Okinawa: Bombs found on sunken U.S. warship

Courtesy of Hironobu Kan
The sunken USS Emmons sits on the seabed about 40 meters below the surface. Some of the unexploded bombs were found in the area indicated by the dotted line.

Unexploded depth charges found in a U.S. warship that was sunk off the coast of central Okinawa Island in the latter days of World War II have left local authorities in a quandary.

The USS Emmons, a minesweeper 100 meters in length, lies at a depth of about 40 meters in waters off Kouri Island. It was attacked by Japanese kamikaze suicide planes on April 6, 1945. Left unable to navigate, it was scuttled the following morning to keep it out of enemy hands.

Removing unexploded munitions from a warship presents great difficulties from a technical aspect. Detonating the depth charges in their present state also presents a problem, as it would likely destroy the ship, which historians and others insist should be preserved as a naval war ruin.

The Research Center for Coastal Seafloor at Kyushu University discovered the explosives and reported the find to the Japan Coast Guard station in Naha in January 2017. The Maritime Self-Defense Force’s Sub Area Activity Okinawa division based in Uruma determined that the explosives were depth charges used to attack submarines, and confirmed that six were found inside the hull and two others on the seabed.

The MSDF fears that if it attempts to remove the charges from the vessel, any impact could cause them to explode.

The USS Emmons has become a spot popular with scuba divers, and an Okinawa Prefecture official said the prefecture wants to ensure the safety of the area as soon as possible.

Courtesy of Chuck DeCesari
Divers display an American flag during a ceremony in April 2018 to mourn lost crew members of the USS Emmons.

In Japan, unexploded bombs are usually handled by the local government in collaboration with the Self-Defense Forces. But in the case of the USS Emmons, international custom requires coordination with the U.S. side.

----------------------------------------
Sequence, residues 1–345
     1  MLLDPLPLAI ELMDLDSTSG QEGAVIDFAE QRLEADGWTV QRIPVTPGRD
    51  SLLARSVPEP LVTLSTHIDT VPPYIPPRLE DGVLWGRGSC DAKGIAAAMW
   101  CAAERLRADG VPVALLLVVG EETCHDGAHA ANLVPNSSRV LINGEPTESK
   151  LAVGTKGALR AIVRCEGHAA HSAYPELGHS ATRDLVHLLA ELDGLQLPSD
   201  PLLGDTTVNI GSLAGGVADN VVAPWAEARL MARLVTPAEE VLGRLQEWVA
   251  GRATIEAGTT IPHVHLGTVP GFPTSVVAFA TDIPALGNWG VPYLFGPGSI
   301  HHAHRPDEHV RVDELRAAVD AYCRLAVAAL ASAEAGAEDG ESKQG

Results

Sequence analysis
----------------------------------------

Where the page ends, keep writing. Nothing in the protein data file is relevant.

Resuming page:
The government of Nakijin village, which has jurisdiction over the waters where the ship sank, has been insisting that the central government take responsibility for resolving the issue as a diplomatic matter, and is urging that the Okinawa prefectural government press Tokyo on its behalf.

The prefectural government has been dealing with the relevant domestic agencies, but there has been no progress in coordinating with the U.S. side yet.

“The Emmons is an important cultural asset that conveys the tragedy of war,” said Kyushu University Prof. Hironobu Kan, the director of the Research Center for Coastal Seafloor which continues to study the wreckage. “The problem should be dealt with under the premise of preserving it.”

With little progress being made, Kan expressed his intention to take interim action and warn divers by creating a detailed 3D map showing the location of the unexploded bombs.

Jun Kimura, an associate professor of maritime archaeology at Tokai University, pointed out that the U.S. has the means to help resolve the matter.

“The U.S. Navy has a unit to study and preserve historic archaeological properties such as sunken warships, and coordination with the U.S. side may advance the solution of the problem,” Kimura said.

Priority on preservation

Every year in April on the anniversary of the attack on the USS Emmons, Chuck DeCesari goes on a dive with fellow scuba divers to mourn those who perished in the sunk vessel, which he insists should be preserved.

“It would be a tragedy if it’s destroyed,” said the 58-year-old American veteran living in Ogimi, Okinawa Prefecture.

A former U.S. Marine, DeCesari saw action in the Iraq War and the Gulf War. During the memorial dive, he places an American flag and flowers on a plaque attached to the hull that is engraved with the names of the 60 crew members who lost their lives.

The ceremony is recorded on video and shared with survivors and family members in the United States. The divers once spread a Japanese flag on the engine of a destroyed Japanese kamikaze plane on the seabed near the ship.

DeCesari said that while they were enemies, he regards soldiers on both sides of the war as heroes, as they all fought for their country and for their families.

“Don’t destory this important place for the bereaved families of both countries,” DeCesari said.